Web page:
While there is still no consistent picture of how the NDIA will define eligibility, there is widespread agreement in the mental health sector that the majority of current participants in mental health programmes due to transition are not in the target group as defined by the Productivity Commission. The Department of Social Services has previously advised that in Barwon, only 50 per cent of PHAMS clients transitioned into the scheme. Our own estimates suggest that figure could be as low as 25%-30%. This outcome has been anticipated by the sector for several years now.
As Mental Health Australia indicated in a comprehensive analysis more than a year ago, (attached) if these complex questions of policy and funding are not resolved quickly, service access will be reduced for thousands of people with severe mental illness. These people have fallen through the gaps for too long. We now know that the best way to address this is to maintain programmes like PHAMS, PIR, MHR:CS and Day to Day Living outside the NDIS, to provide services to those people who do not meet NDIS eligibility criteria.
Why is this urgent?
Many contracts reflecting this transition have only been released in recent weeks, with some still due for negotiation prior to June 30 2016. This recent development has amplified the stress and disruption for individuals, families, staff and providers affected by transitioning processes spreading across all jurisdictions. This disruption now appears to be completely unnecessary in the foreseeable future. The $1.8 billion already committed appears to be sufficient to achieve the goals of the scheme and maintain most or all of the Commonwealth, State and Territory programmes now threatened. It also allows for serious re-consideration of the current pricing structures, which make modern mental health recovery practices unsustainable in the NDIS.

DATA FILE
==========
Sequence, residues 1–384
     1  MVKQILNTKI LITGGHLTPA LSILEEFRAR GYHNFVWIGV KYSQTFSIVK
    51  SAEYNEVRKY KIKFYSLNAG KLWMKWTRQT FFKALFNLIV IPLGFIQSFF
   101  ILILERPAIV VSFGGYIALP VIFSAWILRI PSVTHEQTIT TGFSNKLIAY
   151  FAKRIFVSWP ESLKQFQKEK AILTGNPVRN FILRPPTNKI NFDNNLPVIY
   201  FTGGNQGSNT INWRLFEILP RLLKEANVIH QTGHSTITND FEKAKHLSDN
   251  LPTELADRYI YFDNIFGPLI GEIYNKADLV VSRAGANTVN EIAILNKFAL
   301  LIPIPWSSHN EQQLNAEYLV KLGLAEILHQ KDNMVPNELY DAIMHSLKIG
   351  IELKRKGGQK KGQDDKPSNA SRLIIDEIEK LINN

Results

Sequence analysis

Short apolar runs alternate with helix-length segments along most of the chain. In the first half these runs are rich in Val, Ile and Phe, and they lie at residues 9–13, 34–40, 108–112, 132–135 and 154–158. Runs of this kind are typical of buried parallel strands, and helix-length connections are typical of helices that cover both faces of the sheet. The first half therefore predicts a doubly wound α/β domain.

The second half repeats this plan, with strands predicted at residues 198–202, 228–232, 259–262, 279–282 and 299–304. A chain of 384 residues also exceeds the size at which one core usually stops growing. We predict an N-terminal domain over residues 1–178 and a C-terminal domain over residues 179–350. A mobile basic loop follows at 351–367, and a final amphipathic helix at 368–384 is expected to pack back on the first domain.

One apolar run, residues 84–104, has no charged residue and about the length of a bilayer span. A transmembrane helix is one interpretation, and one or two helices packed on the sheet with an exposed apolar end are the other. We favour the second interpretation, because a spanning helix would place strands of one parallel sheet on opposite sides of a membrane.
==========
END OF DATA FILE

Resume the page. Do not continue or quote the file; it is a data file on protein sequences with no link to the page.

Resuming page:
We ask that you ensure the work being done by the NDIA to support the agreed psychosocial disability target group continues on schedule. But we also ask that current plans to ‘roll in’ programmes which wholly or partly serve target groups ineligible for the NDIS are immediately put on extended hold, while the full implications for individuals and families both inside and outside the scheme are assessed. This is consistent with the recommendations made in the National Mental Health Commission’s report, which recommended:
Do not cash out existing mental health and other associated programmes (e.g. carer and respite programmes) into the NDIS until there is evidence as to eligibility for people with a psychosocial disability, and clarity about ongoing support for those who are eligible for Tier 2 support.
We remain deeply committed to the successful roll out of the NDIS, including support for people who experience psychosocial disability.
We do fear, however, that unless government acts quickly on the emerging evidence we risk dismantling services and programmes that will be essential for the hundreds of thousands of Australians who experience mental illness but will remain outside the NDIS.
We would be pleased to discuss these issues further.
Mental Health Australia
Mental Illness Fellowship Australia